Feminisation of medical profession is a global observation which was debated upon considerably. Many indicators of health and development in Kerala are favourable to women. However the extent of feminisation of medical profession in Kerala was not subjected to scientific scrutiny. A Study was conducted to find the extent of female representation in the medical colleges of Kerala and its trend in past decade.
Details of applicants and selected students were gathered from the data base of Commissioner of entrance examinations. The sex ratio of applicants and selected were presented in the back ground of relevant National and State figures.
Sex ratio of applicants and selected students increased between 2002 and 2011. In 2009, the sex ratio of selected students increased over that of applicants.
Women representation among Kerala Medical students is well above the sex ratio of general population in India and Kerala. Increasing feminisation of Medical Profession is to be expected and a rethinking in workforce planning is needed to address the related issues.
Current trends indicate that world over the sex representation in medical profession is getting equalised. Entrants to medical school showed a gender balance by 2003 in USA1 and soon in UK too.2 Almost half of medical students presently in Korea are females and they will form a majority in near future.3 Women's advancement in higher education is thought to be the underlying factor in increasing number of female medical students.3 An average of 60% of student intake across North America, Europe, Australia and Russia are women. They are in the majority in terms of entry to medical schools worldwide and will soon represent the majority of working doctors, ‘feminising’ the medical profession.4
Kerala is known for attaining high Physical Qualities of Life Index. Demographic profile favourable to women and high female literacy rate are other indicators unique for Kerala, distinct from National figures. In this context increasing female representation in the medical profession in Kerala is an expected possibility. Teachers in Medical colleges are aware about more number of female students getting admitted to MBBS courses recently, but the matter was not subjected to scientific scrutiny yet.
This research was aimed to find the extent of female representation among the students admitted to the medical colleges in Kerala, its trend in past decade and to discuss the possible impact of that phenomenon on the health care delivery in future.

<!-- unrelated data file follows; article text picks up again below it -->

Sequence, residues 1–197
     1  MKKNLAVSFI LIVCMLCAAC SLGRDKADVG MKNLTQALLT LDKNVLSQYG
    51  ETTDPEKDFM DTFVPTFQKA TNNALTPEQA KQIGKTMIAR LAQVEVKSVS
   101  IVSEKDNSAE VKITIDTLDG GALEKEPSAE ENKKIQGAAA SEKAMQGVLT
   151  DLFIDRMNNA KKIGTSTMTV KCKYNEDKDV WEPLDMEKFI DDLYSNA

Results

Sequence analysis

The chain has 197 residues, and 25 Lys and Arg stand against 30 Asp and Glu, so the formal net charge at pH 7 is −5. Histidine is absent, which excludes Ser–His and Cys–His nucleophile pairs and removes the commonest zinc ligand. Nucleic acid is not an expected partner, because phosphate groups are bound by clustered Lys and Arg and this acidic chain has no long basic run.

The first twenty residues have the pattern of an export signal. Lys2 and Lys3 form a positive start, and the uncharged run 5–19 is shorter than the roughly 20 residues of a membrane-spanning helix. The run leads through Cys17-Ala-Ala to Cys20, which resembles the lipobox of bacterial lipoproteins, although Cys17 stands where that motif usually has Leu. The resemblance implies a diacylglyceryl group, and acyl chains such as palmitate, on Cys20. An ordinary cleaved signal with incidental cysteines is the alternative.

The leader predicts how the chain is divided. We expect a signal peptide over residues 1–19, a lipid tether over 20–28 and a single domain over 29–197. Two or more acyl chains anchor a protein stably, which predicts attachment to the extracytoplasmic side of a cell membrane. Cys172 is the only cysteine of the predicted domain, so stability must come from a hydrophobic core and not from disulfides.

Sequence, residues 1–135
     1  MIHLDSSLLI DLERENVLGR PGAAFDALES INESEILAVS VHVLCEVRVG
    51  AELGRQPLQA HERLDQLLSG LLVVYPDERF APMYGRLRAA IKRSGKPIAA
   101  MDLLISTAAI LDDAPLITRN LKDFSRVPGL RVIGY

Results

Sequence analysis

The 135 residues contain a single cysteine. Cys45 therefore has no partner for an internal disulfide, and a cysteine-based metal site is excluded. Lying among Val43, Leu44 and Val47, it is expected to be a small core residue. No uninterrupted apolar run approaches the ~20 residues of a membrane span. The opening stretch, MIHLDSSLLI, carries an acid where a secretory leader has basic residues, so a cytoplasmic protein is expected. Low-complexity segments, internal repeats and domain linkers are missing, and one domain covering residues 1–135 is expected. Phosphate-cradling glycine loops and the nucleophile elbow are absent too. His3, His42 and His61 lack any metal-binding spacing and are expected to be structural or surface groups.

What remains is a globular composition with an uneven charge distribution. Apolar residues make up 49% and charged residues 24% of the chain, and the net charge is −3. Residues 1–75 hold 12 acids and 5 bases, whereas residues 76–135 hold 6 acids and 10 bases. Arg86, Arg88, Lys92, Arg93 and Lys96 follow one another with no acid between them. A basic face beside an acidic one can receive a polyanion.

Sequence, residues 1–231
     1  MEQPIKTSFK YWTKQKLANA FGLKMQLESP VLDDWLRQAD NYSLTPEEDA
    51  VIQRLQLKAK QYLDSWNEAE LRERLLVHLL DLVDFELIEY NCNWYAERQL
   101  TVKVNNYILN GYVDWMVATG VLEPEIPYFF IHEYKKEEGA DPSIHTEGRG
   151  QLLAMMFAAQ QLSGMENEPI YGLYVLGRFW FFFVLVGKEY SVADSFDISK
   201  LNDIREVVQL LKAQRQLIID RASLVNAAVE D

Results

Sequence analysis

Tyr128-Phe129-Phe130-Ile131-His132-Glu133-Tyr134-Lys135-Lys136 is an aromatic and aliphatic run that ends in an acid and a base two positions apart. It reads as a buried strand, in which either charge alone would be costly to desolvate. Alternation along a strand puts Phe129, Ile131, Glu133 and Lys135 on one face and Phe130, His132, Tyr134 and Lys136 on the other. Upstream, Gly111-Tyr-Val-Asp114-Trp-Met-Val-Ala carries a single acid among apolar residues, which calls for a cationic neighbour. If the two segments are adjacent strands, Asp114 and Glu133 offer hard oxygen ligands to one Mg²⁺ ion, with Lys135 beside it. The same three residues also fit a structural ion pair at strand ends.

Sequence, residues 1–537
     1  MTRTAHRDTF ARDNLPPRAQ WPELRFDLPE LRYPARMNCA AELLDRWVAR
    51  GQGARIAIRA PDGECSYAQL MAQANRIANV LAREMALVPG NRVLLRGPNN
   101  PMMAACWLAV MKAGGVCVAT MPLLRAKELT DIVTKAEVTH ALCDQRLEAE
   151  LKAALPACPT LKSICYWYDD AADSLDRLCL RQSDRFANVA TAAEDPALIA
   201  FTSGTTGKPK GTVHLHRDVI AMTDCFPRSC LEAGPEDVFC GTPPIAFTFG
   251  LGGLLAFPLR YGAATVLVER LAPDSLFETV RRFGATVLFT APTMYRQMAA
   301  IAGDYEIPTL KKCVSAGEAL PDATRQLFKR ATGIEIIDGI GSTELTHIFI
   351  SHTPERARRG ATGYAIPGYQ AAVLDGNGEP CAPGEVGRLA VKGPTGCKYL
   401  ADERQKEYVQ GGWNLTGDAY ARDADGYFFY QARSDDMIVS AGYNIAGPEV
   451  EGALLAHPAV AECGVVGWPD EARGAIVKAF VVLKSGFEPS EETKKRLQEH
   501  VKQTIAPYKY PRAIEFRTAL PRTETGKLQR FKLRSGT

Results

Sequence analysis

Materials and methods
From the data base available with the Commissioner of entrance examinations, total number of applicants and selected students were gathered with their gender details. The number of males and females among the applicants and the selected students were tabulated year wise. From the available data, sex ratio of applicants and selected were calculated as number of females against 1000 males.
In the back ground of sex ratio of male and female at National and State level, the sex ratio of applicants and selected were presented.
Percentage of male and female applicants successful in getting admission to medical colleges from 2002 to 2011 also is presented.
The number of male and female applicants and the selected applicants with their sex ratio are given in the table 1.
Sex ratio of applicants increased from 1486.17 in 2002 to 1836.57 in 2011. The increase was steady except a slight fall in 2004 and a sharp fall in 2005. The sex ratio of selected increased from 1420.06 in 2000 to 2214.44 in 2011. The ratio dropped to 1133.14 in 2001 and steadily increased till a sharp fall in 2004 which remained in 2005 also. The ratio steadily improved since then. In 2009, the sex ratio of selected students increased over the sex ratio of applicants and the trend of upward progression further continued sharply.
The sex ratio of applicants and selected students from the year 2000 to 2011 is presented in figure 1 with the sex ratio of National and State as the background. While the National figures for sex ratio consistently remained below the equal number of 1000, the Kerala figures stayed above it consistently. The sex ratio of applicants always remained at a noticeably higher level, with an upward rise from 2005 onwards. The sex ratio of selected students was just above the State figures in 2001. It fell below the National population figures in 2004.But the ratio steadily rose since then and sharply increased from 2007. In 2009, the sex ratio of selected students crossed the sex ratio of applicants and continued to show a tendency for sharp rise
Table 1. Number of male and female applicants and selected students with gender ratio arranged year wise